Tuesday, January 22, 2013

Languages Ltd. -- Writer's Poke #398




Last week I started watching a show from India called Shakira.  What immediately interested me about the show was the dialogue. Characters speak Hindi one moment and go straight into English the next. They switch back and forth between languages even within the same sentence.

This is apparently quite natural in India, but for me, it is quite jarring. I don’t speak Hindi, and so I’m listening to the dialogue, but I’m also watching the subtitles on the screen. Stranger still, the English dialogue doesn’t always match the English subtitles. So, here I am, watching a show that’s only partially in English, and even the parts in English are being “translated” into English for me.

It makes me think about how the process of thought works. I assume that most of us think in words. When we want to think in images, we can do so, but if I wanted to think about my car, for example, I would think “my car” to call up the image of my car. I wouldn’t simply bring a picture of my car to mind.

But what is it like to think in two or more languages simultaneously? Does each language draw from a different set of images? If I spoke German and English, for example, would I only have access to the “my car” image in English? And would I only have access to “beer” or whatever in German?

When I was in Europe last year, I liked to go into non-touristy places, like grocery stores, to see how people would talk to me. Sometimes they knew right away that I was an American, and they immediately talked to me in English. Other times, however, I was in a grocery store in Iceland or Denmark, and people addressed me in Danish or Icelandic. When I said I only spoke English, they would immediately transition into speaking English (assuming they spoke English) without missing a beat. And yet, I have to assume that one’s ability to think is limited by one’s vocabulary. If your vocabulary in English is weaker than your vocabulary in Russian, or whatever your native language might happen to be, doesn't that mean you’re a stronger thinker in Russian?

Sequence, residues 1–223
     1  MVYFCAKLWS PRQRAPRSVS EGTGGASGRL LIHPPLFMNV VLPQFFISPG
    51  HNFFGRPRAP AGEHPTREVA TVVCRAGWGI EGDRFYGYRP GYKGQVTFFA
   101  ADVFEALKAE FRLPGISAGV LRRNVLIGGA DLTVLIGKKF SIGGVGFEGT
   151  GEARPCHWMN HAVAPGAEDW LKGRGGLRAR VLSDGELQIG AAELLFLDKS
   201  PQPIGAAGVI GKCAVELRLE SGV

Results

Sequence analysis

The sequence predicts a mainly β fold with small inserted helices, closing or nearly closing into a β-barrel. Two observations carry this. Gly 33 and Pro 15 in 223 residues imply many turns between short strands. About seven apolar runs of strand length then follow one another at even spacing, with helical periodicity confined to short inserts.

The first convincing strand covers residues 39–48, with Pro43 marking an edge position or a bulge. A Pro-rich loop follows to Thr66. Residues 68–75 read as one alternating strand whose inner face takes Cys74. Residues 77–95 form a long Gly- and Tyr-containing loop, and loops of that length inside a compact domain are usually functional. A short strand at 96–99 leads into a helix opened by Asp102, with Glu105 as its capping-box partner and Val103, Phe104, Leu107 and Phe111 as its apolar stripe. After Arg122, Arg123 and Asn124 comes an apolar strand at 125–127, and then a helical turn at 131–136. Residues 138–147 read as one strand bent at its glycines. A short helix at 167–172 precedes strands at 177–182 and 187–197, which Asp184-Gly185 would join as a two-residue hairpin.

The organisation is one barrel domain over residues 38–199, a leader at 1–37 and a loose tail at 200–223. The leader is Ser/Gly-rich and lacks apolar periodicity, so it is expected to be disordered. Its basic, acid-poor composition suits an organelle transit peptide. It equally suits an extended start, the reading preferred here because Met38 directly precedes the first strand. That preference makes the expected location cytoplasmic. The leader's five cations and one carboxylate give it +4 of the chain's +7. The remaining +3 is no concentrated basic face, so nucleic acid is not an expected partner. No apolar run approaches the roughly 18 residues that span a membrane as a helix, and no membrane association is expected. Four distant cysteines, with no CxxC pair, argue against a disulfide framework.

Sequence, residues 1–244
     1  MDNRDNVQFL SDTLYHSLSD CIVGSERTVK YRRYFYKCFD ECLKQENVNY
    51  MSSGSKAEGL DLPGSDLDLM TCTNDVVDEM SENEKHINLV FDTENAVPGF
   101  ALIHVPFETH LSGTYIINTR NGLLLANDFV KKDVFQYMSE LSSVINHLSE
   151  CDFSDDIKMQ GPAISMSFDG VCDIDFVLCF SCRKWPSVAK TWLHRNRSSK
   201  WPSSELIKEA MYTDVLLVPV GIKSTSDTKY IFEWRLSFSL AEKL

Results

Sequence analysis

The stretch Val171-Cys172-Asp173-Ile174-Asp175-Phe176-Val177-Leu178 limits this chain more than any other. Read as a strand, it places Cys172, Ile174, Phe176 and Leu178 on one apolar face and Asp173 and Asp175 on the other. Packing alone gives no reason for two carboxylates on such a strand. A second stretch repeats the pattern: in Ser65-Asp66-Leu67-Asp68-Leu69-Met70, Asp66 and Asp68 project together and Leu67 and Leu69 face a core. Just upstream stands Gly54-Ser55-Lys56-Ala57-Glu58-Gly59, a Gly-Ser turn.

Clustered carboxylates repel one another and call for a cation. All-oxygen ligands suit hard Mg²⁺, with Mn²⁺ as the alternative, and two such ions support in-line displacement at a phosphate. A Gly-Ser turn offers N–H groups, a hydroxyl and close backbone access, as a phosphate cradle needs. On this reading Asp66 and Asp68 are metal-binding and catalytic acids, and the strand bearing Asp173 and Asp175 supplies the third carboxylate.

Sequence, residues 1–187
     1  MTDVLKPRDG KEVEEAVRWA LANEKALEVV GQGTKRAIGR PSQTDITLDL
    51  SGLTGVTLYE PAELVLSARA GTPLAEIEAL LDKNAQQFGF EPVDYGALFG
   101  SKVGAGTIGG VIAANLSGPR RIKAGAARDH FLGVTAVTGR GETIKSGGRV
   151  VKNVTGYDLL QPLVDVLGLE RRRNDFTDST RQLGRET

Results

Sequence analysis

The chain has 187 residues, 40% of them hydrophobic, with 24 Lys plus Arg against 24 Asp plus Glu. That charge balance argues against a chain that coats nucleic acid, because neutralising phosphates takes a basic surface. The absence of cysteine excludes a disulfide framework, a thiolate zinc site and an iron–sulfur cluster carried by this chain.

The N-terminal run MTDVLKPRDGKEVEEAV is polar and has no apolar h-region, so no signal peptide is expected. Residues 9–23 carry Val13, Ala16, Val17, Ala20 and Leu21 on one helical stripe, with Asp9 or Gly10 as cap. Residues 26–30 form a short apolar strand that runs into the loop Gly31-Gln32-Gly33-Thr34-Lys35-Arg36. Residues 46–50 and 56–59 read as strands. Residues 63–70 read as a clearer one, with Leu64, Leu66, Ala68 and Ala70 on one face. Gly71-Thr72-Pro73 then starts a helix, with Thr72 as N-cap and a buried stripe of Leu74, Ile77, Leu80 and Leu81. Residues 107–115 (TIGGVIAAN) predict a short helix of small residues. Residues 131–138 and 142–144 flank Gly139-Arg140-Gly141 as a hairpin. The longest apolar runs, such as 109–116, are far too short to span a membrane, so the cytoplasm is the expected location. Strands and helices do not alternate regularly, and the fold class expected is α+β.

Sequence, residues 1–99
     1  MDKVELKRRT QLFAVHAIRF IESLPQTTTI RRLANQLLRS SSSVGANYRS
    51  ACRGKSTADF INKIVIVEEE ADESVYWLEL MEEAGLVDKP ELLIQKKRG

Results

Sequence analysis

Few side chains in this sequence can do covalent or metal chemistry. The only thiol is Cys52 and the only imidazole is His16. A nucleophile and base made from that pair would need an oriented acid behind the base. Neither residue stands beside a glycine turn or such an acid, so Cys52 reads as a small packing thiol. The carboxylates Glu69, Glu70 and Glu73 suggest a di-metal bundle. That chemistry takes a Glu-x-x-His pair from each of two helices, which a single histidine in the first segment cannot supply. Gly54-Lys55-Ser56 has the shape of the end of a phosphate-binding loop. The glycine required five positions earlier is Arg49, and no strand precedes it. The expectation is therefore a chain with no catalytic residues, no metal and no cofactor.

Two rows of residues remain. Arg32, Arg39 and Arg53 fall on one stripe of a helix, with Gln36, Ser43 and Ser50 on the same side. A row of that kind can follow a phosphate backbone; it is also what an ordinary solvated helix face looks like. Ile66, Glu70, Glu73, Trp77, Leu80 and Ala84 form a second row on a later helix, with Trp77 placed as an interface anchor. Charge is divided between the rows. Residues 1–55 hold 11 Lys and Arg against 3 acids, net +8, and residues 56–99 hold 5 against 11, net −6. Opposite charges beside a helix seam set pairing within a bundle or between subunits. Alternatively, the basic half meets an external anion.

To get back to Shakira for a moment, it seems like the characters move effortlessly between languages, but is that really the case? Or, is it that they switch languages when the context of what they are thinking about dictates they do so? That is, their ability to think in each language is actually in some ways limited, which is why they don’t speak every word in Hindi or every word in English? They don’t have complete access to either language, and therefore they patch together two languages to serve the purpose of one complete process of thinking?

How would you explain your thinking process? Do you think more in words or images? If you know more than one language, what determines which language you use?

“The limits of my language mean the limits of my world.” – Ludwig Wittgenstein

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